Wireless Issues for Home Care Medical Devices
What should go into guidance?
Using GPS in devices
Having device information downloaded from the device to a web application
FDA’s position on ISO 80,000 (80211)
EMC and standards
Telehealth/Environmental Health Issues in the home
Are we seeing more use of wireless technology in the home?
FTC National Broadband Plan has a component that deals with health care.
More and more people are giving up their Lan lines which has implications for transmitting data back to the physician; many people travel to different countries which can be challenging as different countries have different phone systems which can create a challenge for some medical devices (pacemakers)
More interest in seeing wellness applications in mobile devices; questions about the regulatory requirements
When does the telephone become a medical device because it is transmitting medical data
What points should the agency focus on regarding wireless issues?
- Reference the medical device wireless guidance
- Should we redefine the term medical device? Where is the distinction between a medical device and one that just transmits data?
- If a device just has an algorithm and a sensor then it is more likely to be seen as a medical device; however if it is just transmitting information then should it be considered a medical device?
- Where is the burden of proof that a product is a medical device?
- How to validate the communication system? Should we reference part 11?
- Cognitive Technology
- Is there a possibility of establishing a test environment for home use devices?
- Should we try to define what the characteristics of a wireless device should be? Should this information be included in a separate guidance? Should we define what should be in the guidance by the level of risk associated with the device?
- Should alerts be built into devices to let the monitor know that the device is actually working and transmitting data? How do we deal with power outages? Are cellular systems to the point where we can consider them reliable enough to deliver home care?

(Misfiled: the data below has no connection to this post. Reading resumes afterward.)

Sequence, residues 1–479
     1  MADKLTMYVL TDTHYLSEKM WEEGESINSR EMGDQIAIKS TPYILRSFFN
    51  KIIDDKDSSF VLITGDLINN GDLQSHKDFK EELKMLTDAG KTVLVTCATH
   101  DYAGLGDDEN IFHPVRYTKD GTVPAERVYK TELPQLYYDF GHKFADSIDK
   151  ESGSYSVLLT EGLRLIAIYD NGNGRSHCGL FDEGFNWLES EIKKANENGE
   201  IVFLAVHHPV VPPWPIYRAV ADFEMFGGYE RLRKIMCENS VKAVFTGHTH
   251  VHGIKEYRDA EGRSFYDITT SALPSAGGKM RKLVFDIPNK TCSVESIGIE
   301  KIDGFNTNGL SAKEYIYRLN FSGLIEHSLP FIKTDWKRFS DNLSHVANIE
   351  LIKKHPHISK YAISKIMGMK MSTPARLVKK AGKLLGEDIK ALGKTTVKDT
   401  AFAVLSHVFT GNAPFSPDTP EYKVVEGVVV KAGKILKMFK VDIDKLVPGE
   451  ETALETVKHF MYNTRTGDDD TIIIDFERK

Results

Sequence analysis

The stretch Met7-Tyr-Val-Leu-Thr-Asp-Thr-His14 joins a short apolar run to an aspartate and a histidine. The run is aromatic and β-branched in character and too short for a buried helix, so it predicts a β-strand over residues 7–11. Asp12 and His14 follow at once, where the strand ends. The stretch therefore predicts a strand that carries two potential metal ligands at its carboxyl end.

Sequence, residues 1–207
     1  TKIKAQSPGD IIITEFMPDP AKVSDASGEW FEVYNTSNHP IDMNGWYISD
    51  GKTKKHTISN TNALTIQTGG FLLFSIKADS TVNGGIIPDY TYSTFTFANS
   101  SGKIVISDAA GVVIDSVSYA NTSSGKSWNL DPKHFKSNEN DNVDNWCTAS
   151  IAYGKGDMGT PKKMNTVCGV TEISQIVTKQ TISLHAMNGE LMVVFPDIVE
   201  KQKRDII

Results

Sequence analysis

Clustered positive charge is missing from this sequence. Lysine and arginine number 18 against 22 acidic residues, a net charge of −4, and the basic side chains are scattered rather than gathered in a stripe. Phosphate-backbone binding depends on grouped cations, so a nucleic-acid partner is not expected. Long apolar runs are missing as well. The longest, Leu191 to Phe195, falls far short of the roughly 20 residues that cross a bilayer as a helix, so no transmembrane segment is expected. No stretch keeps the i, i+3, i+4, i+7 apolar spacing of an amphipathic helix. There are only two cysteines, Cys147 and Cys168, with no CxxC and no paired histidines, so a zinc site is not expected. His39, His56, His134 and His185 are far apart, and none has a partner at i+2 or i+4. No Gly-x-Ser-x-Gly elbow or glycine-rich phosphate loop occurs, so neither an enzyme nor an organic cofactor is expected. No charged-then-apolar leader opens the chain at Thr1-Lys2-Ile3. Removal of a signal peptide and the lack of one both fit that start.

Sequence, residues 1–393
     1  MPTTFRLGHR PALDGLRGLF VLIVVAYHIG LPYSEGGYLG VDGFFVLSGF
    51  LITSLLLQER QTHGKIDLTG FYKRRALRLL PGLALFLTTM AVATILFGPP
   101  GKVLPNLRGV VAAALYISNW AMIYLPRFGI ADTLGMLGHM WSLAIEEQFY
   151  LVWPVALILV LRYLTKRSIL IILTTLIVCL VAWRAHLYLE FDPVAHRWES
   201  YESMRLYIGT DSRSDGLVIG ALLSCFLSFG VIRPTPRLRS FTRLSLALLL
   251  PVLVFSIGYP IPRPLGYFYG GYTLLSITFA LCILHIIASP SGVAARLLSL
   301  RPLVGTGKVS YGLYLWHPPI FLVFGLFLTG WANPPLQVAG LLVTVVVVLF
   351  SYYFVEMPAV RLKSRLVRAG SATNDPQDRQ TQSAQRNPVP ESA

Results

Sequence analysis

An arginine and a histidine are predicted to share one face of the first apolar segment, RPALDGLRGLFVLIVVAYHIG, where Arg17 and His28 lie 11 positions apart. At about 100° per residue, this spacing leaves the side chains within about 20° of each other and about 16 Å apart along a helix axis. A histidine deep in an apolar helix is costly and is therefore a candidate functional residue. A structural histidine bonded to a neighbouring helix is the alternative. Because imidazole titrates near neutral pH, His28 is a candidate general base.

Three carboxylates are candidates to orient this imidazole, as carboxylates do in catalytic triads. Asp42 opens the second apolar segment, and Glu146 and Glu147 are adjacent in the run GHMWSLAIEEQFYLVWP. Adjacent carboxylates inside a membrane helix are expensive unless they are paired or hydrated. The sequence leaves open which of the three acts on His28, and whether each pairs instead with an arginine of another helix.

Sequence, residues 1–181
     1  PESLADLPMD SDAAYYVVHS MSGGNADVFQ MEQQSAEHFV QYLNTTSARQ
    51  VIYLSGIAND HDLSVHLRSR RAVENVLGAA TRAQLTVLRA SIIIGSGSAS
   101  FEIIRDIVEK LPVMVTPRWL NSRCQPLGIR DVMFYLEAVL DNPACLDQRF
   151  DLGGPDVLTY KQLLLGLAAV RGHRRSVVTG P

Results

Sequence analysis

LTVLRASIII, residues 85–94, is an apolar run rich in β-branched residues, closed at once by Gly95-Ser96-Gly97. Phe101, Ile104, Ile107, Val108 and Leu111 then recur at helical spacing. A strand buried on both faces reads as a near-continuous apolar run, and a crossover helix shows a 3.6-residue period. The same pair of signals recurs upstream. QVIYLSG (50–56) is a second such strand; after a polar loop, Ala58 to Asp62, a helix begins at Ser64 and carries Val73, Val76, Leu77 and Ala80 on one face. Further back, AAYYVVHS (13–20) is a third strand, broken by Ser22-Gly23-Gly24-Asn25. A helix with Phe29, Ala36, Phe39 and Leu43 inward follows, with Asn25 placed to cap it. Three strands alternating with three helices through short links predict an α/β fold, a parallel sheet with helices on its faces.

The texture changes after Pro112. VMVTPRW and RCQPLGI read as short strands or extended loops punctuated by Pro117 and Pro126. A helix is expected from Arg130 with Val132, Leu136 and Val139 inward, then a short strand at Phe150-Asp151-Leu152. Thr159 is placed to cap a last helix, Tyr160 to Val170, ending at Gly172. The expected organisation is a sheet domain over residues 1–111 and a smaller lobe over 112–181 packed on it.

- The guidance document should not just look at cellular communication, but at other wireless set ups
- It may not be realistic to consider that every user will be able to set up and use wireless devices at home, but lay users could “plug into” into some small part of the device and still use a wireless device in some way.
- Make a distinction between monitoring and using the device.
- Wireless Security – the secure transmission of data; what is the level of security that you have on the signal? How well can you control it? Systems should be set up to avoid intrusion; ensuring the communication pathway
- Data integrity
- Labeling specific for wireless technology
- Remote Access into a device for trouble shooting; wireless technology enables this capability
- If there is post market situation would that might exclude it from being used wirelessly that should be a part of the guidance.
- The FCC has mandatory standards regarding wireless technologies; FDA standards are consensus standards they are not mandatory
- If this devices causes interference with some other device or product that information should be in the labeling
- Future possibility - Body area networks – a system that would be implanted, body worn-24 hour monitoring of a patient
- Small number of devices that use a dedicated spectrum for medical devices
- Do we need to revisit this yearly given the amount of change that happens in a given year? Is this worth working on this given the time it takes to get a guidance published? Is there another process that we might use other than guidance so that we can get the information out quickly, while it’s still useful
- Would this new technology ever require clinical testing?